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offshore wind probably costs double what (reaonably well-run) nuclear costs today, on a per MWh basis.

But it will still cost the same in 20 years (or probably much less, as economies of scale kick in and operating costs go down some more), and requires no cooling water, no mining of uranium in far away places, no costly decommissioning, and no waste to store.

It's not an unreasonable trade off. Both are needed.

Wind power

by Jerome a Paris (etg@eurotrib.com) on Thu May 20th, 2010 at 11:14:19 AM EST
[ Parent ]
Lifecycle Cost is becoming a more important metric in many areas, but the media still don't get it. LCC is a social metric. It can include not only end-of-life disposal, but also safety factors such as loss of life (e.g. coal mining), employment, risk of catastrophe etc.

The LCC for wind power, as you point out, must be one of the lowest per MWh of any energy source, except hydro and maybe wave power.

You can't be me, I'm taken

by Sven Triloqvist on Thu May 20th, 2010 at 12:25:57 PM EST
[ Parent ]
I meant to add that offshore wind should be using the LCC cost benefits more forcefully in arguments in favour.

You can't be me, I'm taken
by Sven Triloqvist on Thu May 20th, 2010 at 12:27:25 PM EST
[ Parent ]
Life cycle costing has been used in renewables for decades, and is widely accepted.  The problem comes in determining how to include externalities, and what do they actually cost.  For example, what (roughly? exactly?) is the cost of a coal miner's life?  What is the cost of a gulf or two?  What are the long term costs of isotope storage, factoring in the cost of capital over a few millenia, give or take.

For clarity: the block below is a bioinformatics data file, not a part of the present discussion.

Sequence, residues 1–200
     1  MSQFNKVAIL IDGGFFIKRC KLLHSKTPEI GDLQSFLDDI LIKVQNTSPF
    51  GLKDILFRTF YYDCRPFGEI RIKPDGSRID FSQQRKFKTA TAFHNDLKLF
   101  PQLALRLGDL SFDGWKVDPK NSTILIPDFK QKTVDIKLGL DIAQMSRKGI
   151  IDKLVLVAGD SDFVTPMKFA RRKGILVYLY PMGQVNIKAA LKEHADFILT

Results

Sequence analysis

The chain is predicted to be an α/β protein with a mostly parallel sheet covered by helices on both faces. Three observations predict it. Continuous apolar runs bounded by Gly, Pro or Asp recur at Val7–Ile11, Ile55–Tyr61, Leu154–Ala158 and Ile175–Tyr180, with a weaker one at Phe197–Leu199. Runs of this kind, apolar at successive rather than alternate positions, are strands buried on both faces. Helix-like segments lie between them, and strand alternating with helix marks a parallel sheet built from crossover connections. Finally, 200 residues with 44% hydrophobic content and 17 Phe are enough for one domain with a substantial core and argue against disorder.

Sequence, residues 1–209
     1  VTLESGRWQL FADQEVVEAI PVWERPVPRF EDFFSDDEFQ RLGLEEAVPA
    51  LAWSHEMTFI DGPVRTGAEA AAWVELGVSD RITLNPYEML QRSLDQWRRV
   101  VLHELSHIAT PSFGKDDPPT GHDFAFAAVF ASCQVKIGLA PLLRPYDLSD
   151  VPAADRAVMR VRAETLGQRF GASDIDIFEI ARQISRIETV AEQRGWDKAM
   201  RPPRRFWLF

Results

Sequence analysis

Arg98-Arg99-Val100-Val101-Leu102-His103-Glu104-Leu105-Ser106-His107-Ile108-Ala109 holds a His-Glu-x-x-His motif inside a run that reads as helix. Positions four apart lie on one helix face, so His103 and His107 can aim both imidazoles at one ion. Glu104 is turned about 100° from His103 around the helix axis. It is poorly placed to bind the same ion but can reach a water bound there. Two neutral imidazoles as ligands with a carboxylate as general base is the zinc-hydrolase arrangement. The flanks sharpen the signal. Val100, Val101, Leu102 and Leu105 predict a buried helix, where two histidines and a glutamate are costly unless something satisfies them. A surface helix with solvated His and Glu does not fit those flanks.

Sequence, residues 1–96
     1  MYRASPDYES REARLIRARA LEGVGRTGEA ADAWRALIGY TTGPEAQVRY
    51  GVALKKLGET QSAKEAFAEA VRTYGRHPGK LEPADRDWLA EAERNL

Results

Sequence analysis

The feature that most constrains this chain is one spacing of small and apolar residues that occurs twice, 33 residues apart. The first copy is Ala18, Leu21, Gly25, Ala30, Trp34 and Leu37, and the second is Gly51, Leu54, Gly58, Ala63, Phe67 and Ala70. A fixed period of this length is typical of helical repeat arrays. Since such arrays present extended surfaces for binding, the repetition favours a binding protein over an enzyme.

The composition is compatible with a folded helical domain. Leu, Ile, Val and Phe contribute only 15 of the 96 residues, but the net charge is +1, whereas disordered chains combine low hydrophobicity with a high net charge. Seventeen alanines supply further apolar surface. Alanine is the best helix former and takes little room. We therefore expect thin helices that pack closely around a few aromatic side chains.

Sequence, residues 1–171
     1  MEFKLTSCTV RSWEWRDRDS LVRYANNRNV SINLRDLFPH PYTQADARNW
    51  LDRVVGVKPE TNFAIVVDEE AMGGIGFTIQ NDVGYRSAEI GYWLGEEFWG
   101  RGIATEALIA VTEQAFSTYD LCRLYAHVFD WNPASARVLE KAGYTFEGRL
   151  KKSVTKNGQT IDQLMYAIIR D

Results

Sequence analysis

Thus it always comes down to the politics.

"Life shrinks or expands in proportion to one's courage." - Ana´s Nin

by Crazy Horse on Thu May 20th, 2010 at 12:45:57 PM EST
[ Parent ]
For example, what (roughly? exactly?) is the cost of a coal miner's life?  What is the cost of a gulf or two?  What are the long term costs of isotope storage, factoring in the cost of capital over a few millenia, give or take.

Thus it always comes down to the politics.

Ultimately we can only estimate, however that has benefits.

Why not require that companies engaged in harmful resource extraction like this be required to contribute 2.5% of revenues towards a compensation fund?

  1. This would billions to cover the costs created externalities from operations.

  2. Some portion could be used to fund the development of alternatives, including loan guarantees for renewables, etc.


And I'll give my consent to any government that does not deny a man a living wage-Billy Bragg
by ManfromMiddletown (manfrommiddletown at lycos dot com) on Thu May 20th, 2010 at 01:03:57 PM EST
[ Parent ]
It may be accepted in the industry, but my general review of media and politics is that the point is not made strongly enough to voters. How to do this is another matter; but to me it seems it should be an easy sell. The benefits are clear.

You can't be me, I'm taken
by Sven Triloqvist on Thu May 20th, 2010 at 01:51:40 PM EST
[ Parent ]

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